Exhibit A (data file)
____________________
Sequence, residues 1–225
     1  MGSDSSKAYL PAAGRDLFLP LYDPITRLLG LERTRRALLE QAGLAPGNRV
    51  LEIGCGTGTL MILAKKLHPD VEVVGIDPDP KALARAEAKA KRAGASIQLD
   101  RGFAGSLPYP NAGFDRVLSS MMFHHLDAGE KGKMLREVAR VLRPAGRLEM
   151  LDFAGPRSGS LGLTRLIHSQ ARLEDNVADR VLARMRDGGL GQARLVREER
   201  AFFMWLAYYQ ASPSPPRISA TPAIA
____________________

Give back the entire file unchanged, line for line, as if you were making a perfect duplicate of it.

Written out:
Sequence, residues 1–225
     1  MGSDSSKAYL PAAGRDLFLP LYDPITRLLG LERTRRALLE QAGLAPGNRV
    51  LEIGCGTGTL MILAKKLHPD VEVVGIDPDP KALARAEAKA KRAGASIQLD
   101  RGFAGSLPYP NAGFDRVLSS MMFHHLDAGE KGKMLREVAR VLRPAGRLEM
   151  LDFAGPRSGS LGLTRLIHSQ ARLEDNVADR VLARMRDGGL GQARLVREER
   201  AFFMWLAYYQ ASPSPPRISA TPAIA